Do you have nothing else to think about all day?
I could see Northern Colorado joining the WAC as an FB-only member, and move to the Summit in all other sports. From what I’ve heard other Big Sky schools don’t really like them.
The only schools I could see moving up from D2 in the near future in that area are Colorado Mesa and Angelo State. Maybe UCCS or Regis too (Regis fits with a lot of WCC schools), but since they aren’t football schools I can’t say.
A lot will depend on if the Pac-12 takes from the Mountain West, which would probably take one or both of the Montana schools. While EWU is historically good, and Sac State is hot right now, I don’t think they have the budget to jump up to FBS. If the MWC takes from the Big Sky, the Big Sky might steal SUU & Utah Tech from the WAC, which would force the WAC to (again) take schools from D2. It remains to be seen.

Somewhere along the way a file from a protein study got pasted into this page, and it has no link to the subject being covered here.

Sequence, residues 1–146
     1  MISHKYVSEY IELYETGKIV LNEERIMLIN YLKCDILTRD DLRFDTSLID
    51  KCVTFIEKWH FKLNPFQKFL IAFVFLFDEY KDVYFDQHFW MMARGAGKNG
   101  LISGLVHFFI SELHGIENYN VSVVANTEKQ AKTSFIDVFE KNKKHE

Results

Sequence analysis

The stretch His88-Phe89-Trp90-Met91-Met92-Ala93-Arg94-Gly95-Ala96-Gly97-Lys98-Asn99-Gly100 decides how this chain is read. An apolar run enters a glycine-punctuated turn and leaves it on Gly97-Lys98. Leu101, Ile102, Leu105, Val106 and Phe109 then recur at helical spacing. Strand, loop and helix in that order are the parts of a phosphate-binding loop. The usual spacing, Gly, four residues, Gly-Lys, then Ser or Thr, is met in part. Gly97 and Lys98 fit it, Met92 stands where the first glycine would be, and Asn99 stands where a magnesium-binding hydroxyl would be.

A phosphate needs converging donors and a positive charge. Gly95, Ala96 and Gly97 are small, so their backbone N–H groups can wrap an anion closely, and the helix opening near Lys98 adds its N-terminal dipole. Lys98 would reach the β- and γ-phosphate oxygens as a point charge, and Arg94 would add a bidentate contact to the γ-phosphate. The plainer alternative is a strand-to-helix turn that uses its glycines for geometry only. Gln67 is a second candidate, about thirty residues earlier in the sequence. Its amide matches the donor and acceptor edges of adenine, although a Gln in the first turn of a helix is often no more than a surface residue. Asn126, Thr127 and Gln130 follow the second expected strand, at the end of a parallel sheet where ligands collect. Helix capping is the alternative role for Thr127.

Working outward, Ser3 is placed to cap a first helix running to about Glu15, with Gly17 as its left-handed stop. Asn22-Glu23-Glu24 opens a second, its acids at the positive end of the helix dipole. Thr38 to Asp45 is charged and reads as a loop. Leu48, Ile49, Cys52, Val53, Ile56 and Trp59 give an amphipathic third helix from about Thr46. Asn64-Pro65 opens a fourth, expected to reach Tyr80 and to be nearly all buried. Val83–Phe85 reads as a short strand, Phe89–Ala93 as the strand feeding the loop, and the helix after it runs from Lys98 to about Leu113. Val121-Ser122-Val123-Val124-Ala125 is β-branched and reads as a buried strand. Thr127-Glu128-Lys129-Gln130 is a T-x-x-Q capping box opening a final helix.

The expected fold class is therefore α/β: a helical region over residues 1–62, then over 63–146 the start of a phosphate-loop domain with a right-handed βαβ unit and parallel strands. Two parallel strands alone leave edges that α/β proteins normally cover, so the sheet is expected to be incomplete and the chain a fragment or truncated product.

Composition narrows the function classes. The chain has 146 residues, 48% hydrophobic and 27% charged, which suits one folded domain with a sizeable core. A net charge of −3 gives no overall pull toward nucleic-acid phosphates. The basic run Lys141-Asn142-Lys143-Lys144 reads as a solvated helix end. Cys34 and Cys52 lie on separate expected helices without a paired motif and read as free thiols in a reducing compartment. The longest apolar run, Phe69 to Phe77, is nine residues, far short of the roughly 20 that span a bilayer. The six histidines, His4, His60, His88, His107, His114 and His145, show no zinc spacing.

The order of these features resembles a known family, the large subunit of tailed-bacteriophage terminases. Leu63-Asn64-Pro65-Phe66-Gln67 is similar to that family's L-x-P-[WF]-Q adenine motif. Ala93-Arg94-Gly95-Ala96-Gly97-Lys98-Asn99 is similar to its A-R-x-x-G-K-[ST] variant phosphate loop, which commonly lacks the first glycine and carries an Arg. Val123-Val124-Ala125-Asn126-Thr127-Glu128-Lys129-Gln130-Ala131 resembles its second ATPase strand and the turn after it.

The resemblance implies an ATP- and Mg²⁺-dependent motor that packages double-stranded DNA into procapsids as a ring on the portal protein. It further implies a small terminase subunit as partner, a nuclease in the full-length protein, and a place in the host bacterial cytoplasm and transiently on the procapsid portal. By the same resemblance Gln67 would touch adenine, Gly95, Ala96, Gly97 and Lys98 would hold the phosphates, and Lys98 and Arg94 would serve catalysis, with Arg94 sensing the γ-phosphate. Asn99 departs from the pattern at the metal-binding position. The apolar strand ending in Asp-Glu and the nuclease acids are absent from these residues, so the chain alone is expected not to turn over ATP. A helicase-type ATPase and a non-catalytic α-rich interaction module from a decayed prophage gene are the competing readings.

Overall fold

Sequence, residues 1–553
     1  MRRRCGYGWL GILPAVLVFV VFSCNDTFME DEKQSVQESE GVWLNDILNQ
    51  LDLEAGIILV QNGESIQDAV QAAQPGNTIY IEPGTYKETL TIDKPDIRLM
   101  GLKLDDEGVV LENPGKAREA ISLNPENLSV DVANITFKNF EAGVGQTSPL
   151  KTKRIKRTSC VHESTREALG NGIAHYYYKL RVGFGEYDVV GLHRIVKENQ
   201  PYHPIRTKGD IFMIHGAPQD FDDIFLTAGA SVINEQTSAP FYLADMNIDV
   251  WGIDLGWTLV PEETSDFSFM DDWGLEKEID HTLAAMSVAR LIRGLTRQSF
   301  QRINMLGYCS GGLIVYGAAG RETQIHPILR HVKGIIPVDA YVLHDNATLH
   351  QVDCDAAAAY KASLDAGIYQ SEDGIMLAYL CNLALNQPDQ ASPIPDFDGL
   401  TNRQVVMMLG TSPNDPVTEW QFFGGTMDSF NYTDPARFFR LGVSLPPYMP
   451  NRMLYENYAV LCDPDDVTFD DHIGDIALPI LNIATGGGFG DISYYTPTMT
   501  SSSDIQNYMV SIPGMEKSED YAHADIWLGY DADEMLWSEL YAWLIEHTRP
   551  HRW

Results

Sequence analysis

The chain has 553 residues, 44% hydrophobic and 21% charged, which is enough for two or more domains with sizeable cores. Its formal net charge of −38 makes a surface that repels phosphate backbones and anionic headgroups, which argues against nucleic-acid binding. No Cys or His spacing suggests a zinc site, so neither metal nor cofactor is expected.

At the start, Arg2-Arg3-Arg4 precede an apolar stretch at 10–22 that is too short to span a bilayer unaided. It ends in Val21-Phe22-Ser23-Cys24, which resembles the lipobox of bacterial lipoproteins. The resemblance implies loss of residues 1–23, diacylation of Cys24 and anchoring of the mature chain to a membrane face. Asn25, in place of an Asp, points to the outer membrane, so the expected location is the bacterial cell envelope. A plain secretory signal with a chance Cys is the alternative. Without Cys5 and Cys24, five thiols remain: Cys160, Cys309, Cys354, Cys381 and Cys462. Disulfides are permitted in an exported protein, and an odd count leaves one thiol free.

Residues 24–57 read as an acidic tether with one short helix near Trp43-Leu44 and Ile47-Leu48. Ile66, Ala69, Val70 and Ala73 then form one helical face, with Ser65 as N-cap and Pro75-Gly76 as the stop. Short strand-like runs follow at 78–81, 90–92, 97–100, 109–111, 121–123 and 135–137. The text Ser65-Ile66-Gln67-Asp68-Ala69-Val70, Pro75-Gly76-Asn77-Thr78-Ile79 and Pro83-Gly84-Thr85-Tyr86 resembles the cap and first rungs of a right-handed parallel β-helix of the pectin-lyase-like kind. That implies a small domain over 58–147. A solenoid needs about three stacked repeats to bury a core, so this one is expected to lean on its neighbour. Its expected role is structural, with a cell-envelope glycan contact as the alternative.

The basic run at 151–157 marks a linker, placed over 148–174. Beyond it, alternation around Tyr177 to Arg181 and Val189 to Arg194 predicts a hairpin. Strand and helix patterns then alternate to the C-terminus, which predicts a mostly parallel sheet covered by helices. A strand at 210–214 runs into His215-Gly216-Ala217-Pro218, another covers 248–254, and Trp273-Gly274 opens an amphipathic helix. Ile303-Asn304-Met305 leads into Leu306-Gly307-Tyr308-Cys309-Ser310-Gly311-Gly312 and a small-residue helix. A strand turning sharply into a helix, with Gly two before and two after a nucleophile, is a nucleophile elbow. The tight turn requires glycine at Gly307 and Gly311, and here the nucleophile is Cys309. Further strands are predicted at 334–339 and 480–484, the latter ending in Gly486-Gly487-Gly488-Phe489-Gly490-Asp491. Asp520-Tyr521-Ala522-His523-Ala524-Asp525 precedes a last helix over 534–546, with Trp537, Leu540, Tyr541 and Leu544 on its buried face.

Yada yada yada. Did you spend 30 minutes typing this novel?
You will not make any of those conference realignment decisions either. Thankfully!
My proposed realignment moves also have the Summit ceasing to exist.
It would be the result of a chain reaction caused by MAC expansion.
The MAC would add Southern Illinois and Youngstown State as full members that play football in the conference, Cleveland State and Robert Morris as full non-football members, and Fordham and Richmond for football only.
The remainder of the MVC splits along public/private lines. The other private schools in the conference – Belmont, Bradley, Drake and Evansville – form a new conference with Bellarmine and Lipscomb of the ASUN, and Oral Roberts and St. Thomas of the Summit.